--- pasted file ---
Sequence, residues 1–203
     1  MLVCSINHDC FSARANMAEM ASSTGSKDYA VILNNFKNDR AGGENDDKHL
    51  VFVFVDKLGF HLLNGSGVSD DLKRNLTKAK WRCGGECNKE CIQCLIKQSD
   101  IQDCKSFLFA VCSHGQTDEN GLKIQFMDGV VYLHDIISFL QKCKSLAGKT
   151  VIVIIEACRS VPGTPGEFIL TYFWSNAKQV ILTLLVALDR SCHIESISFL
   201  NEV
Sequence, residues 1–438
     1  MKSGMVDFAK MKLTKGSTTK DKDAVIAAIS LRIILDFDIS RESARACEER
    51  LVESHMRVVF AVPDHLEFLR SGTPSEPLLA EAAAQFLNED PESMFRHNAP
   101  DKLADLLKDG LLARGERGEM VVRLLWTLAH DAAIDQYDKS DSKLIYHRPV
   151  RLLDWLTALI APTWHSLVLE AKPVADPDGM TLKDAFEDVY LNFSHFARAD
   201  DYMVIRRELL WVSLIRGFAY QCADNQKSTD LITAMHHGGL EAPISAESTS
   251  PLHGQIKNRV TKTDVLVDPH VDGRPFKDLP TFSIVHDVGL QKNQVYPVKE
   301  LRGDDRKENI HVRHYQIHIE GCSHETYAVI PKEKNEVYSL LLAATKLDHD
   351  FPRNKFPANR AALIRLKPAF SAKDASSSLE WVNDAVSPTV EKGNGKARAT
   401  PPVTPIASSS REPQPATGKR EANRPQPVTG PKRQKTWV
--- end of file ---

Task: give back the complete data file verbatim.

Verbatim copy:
Sequence, residues 1–203
     1  MLVCSINHDC FSARANMAEM ASSTGSKDYA VILNNFKNDR AGGENDDKHL
    51  VFVFVDKLGF HLLNGSGVSD DLKRNLTKAK WRCGGECNKE CIQCLIKQSD
   101  IQDCKSFLFA VCSHGQTDEN GLKIQFMDGV VYLHDIISFL QKCKSLAGKT
   151  VIVIIEACRS VPGTPGEFIL TYFWSNAKQV ILTLLVALDR SCHIESISFL
   201  NEV
Sequence, residues 1–438
     1  MKSGMVDFAK MKLTKGSTTK DKDAVIAAIS LRIILDFDIS RESARACEER
    51  LVESHMRVVF AVPDHLEFLR SGTPSEPLLA EAAAQFLNED PESMFRHNAP
   101  DKLADLLKDG LLARGERGEM VVRLLWTLAH DAAIDQYDKS DSKLIYHRPV
   151  RLLDWLTALI APTWHSLVLE AKPVADPDGM TLKDAFEDVY LNFSHFARAD
   201  DYMVIRRELL WVSLIRGFAY QCADNQKSTD LITAMHHGGL EAPISAESTS
   251  PLHGQIKNRV TKTDVLVDPH VDGRPFKDLP TFSIVHDVGL QKNQVYPVKE
   301  LRGDDRKENI HVRHYQIHIE GCSHETYAVI PKEKNEVYSL LLAATKLDHD
   351  FPRNKFPANR AALIRLKPAF SAKDASSSLE WVNDAVSPTV EKGNGKARAT
   401  PPVTPIASSS REPQPATGKR EANRPQPVTG PKRQKTWV